Dams, mining, land-cover changes, and climate change are degrading the streams, rivers, lakes, and forests of the world’s largest river basin at unprecedented rates, according to scientists.
Most studies to date have focused on threats in streams and rivers, such as dams, or on land directly adjacent to them, such as deforestation. A new study by Virginia Tech and Woods Hole Research Center scientists evaluates the combined impacts of all these threats, including climate change, across the entire Amazon River basin.
In addition to the warming influence of global climate change, Amazonian rivers, watersheds, and rain forests are suffering from changes to their own regional climate. In recent decades, deforestation has contributed to a warmer, drier, less predictable climate in the region.
“Changes in climate inevitably cause changes in rivers and lakes as well as all life and ecological processes associated with them — including people’s livelihoods,” said Leandro Castello, assistant professor of fisheries in Virginia Tech’s College of Natural Resources and Environment. “If these trends continue, they will mark the next phase in Amazonian development.”
“Managing the waters and land that make up a single watershed and management of a single tributary river basin will not suffice to preserve these rivers,” Castello said. “These tributary basin areas are hydrologically linked, making it necessary to manage the whole water cycle, including its atmospheric phase, to account for what happens in adjacent catchments areas.”
“Climate change and deforestation are a double whammy for freshwater ecosystems,” Macedo said. “Climate change-induced droughts can kill trees and trigger wildfires, which reduces the amount of water recycled to the atmosphere by trees. Regional deforestation worsens drought. These processes ultimately warm the land surface, reduce rainfall, and degrade freshwater ecosystems.”
Already, deforestation is delaying the onset of the rainy season in a region of the Amazon at a rate of six days per decade, according to the report. “As a result of these changes, many headwater streams rich in biodiversity may become intermittent,” Castello said. “With the Amazon being home to thousands of aquatic species, including fish, insects, turtles, caimans, and many others, these changes represent a threat to global biodiversity.”
Changed water flows also affect many terrestrial animals, such as jaguars and birds, reducing access to water and food and altering migratory routes.
If all of the dams that are planned are built, there will be only three free-flowing tributaries in the Amazon Basin. Agriculture and ranching have already affected half of the riverside forest. In addition to such impacts as biodiversity loss, warmer streams, and more frequent flood-plain fires, there will be reductions in water quality, fish yields, and water for navigation, power generation, and human use, the researchers report. “All these impacts will negatively affect local populations who depend on rivers and lakes for food, water, and income,” Castello said.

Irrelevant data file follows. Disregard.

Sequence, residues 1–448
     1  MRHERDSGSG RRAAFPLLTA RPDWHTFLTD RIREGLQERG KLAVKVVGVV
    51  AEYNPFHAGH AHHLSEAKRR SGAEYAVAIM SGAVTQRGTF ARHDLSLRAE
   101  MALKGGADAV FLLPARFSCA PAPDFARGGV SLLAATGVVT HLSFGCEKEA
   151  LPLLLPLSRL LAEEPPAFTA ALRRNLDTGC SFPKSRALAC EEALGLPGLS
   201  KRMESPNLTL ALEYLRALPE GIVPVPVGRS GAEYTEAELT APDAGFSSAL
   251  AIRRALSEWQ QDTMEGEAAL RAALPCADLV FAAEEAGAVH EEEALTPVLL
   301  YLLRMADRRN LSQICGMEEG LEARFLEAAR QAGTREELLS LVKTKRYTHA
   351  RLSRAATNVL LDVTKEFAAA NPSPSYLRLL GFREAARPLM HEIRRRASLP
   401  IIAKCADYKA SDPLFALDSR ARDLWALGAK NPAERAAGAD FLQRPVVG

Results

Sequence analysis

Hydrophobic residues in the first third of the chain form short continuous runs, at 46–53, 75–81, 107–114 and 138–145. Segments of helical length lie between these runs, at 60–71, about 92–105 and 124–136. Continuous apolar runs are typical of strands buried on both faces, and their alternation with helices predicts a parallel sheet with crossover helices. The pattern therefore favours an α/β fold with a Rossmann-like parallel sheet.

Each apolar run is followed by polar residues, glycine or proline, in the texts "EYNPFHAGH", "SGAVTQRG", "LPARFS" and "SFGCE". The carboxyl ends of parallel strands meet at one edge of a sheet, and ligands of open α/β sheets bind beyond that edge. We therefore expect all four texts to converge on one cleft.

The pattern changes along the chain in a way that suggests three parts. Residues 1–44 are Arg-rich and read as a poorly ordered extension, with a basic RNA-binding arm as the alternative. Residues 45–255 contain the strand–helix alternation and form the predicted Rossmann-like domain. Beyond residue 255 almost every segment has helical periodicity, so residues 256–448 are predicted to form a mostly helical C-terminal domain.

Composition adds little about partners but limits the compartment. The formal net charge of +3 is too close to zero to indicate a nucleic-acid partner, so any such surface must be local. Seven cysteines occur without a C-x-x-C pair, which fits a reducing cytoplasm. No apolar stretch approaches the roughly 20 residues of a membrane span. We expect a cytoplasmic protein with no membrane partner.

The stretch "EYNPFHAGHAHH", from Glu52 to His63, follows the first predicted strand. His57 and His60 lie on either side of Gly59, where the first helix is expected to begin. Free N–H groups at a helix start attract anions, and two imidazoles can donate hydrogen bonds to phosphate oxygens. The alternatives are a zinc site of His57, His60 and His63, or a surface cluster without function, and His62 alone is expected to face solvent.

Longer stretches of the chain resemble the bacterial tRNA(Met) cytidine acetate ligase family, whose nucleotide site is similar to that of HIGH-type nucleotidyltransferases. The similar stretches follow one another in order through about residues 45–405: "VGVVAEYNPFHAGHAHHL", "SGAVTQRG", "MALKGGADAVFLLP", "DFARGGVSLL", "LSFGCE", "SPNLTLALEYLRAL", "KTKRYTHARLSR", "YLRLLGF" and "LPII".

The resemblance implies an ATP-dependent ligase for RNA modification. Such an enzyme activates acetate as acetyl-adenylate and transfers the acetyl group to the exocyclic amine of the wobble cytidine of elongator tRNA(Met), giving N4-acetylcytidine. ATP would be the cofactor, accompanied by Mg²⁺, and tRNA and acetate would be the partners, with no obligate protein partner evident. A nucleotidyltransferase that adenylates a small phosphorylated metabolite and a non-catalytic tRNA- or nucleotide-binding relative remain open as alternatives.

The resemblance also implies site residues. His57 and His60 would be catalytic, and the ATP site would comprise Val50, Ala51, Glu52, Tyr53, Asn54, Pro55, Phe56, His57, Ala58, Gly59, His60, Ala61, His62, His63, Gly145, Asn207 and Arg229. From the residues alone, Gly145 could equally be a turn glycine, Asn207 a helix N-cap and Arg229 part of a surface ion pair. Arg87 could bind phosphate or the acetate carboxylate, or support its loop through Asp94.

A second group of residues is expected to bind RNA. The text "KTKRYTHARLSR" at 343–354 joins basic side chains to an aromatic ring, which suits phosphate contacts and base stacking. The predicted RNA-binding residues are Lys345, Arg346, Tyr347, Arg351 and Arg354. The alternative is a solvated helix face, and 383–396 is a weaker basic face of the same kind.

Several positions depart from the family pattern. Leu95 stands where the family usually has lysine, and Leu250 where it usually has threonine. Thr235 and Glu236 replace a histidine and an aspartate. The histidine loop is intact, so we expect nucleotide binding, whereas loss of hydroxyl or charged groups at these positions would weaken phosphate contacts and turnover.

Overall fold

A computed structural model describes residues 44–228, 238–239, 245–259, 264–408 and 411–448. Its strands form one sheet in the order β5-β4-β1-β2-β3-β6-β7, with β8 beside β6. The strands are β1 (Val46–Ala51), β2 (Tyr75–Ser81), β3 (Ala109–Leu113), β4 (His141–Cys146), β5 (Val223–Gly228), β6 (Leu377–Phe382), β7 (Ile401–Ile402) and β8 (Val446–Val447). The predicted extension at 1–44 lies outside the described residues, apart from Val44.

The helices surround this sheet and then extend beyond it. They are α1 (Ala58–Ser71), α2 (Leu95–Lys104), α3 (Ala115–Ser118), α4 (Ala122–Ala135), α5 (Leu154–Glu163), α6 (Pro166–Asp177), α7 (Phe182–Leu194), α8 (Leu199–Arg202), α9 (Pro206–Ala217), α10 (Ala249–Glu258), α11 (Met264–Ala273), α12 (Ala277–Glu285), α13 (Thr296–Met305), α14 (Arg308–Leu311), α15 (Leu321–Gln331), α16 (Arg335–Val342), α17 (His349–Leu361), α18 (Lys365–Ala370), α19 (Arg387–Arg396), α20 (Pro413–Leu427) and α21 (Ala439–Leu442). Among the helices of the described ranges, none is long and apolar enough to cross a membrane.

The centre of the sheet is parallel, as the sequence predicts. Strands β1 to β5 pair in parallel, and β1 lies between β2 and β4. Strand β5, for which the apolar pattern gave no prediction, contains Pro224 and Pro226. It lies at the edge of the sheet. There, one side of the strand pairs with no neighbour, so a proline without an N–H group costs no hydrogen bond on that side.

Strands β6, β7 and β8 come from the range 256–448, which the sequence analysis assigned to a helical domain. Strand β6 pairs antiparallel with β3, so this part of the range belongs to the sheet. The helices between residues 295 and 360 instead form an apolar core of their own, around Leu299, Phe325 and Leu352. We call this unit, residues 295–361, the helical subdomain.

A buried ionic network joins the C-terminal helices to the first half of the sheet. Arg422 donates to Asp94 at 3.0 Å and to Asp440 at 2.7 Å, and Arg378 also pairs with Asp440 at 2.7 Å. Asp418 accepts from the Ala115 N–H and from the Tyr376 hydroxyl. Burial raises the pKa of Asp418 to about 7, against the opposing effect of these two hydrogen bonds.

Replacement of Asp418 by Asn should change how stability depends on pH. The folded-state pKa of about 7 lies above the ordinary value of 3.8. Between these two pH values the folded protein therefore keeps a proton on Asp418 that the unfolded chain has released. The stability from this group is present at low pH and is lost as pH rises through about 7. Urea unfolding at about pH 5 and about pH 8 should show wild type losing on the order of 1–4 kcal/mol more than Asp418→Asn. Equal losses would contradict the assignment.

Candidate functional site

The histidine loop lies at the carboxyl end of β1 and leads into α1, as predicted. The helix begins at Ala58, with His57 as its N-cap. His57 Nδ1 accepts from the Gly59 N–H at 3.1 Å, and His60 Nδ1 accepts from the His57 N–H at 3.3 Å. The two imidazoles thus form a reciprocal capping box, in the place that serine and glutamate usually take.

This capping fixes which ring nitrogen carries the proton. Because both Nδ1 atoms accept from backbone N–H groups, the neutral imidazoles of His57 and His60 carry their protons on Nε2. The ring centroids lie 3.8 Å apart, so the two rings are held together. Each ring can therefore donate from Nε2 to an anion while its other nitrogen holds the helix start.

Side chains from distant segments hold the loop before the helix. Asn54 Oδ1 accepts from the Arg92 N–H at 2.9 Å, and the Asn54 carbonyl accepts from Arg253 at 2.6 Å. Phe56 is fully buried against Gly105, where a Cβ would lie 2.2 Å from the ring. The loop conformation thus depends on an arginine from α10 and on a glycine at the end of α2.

The review concludes that existing policies are “wholly insufficient to address the growing array of impacts.”
A network of nature reserves, indigenous lands, and sustainable use areas covers 54 percent of the Brazilian Amazon, but, “This protected area network is largely based on the geographical distribution of terrestrial plants and animals, leaving many headwater streams, rivers, and wetlands unprotected,” Castello said.
A promising step forward is the use of satellites to monitor the health of Amazonian freshwater ecosystems. “Although satellite records cannot directly measure water quality or aquatic animal communities, they can provide indicators of ecosystem health when combined with other data sources,” the researchers write. “The history of Amazonian conservation suggests that collecting and disseminating sound environmental monitoring data is a crucial first step towards management.” These methods could also be applied to other large, tropical river basins such as the Congo and Mekong, which are facing similar threats.
Some Amazonian countries are implementing water resource management laws to protect the availability and quality of water for people, but the focus on human needs over preservation is short sighted. “A lack of international collaboration undermines the potential effectiveness of these laws. Amazonian countries need to start talking to each other about these issues if they are to be solved,” Castello noted.
There is reason for optimism, however. “Many of the existing policies, if revised to address deficiencies, could form the basis for a unified framework for conserving the freshwater ecosystems,” Castello and Macedo concluded. “Existing management efforts focused on collaborative partnerships and stakeholder involvement are promising first steps.”
They suggest a unified framework built on the principles of the European Union Water Framework Directive, beginning with tributary basins within countries and scaled up to the whole Amazon Basin.
“Fortunately, public awareness about the impacts of hydrological alterations, such as dams and deforestation, has been increasing,” Macedo said. “This review provides a framework for understanding the linkages among Amazon freshwater ecosystems and the land, water, and climate systems that sustain them. Understanding the threats to those connections represents a critical step towards developing sound management policies.”
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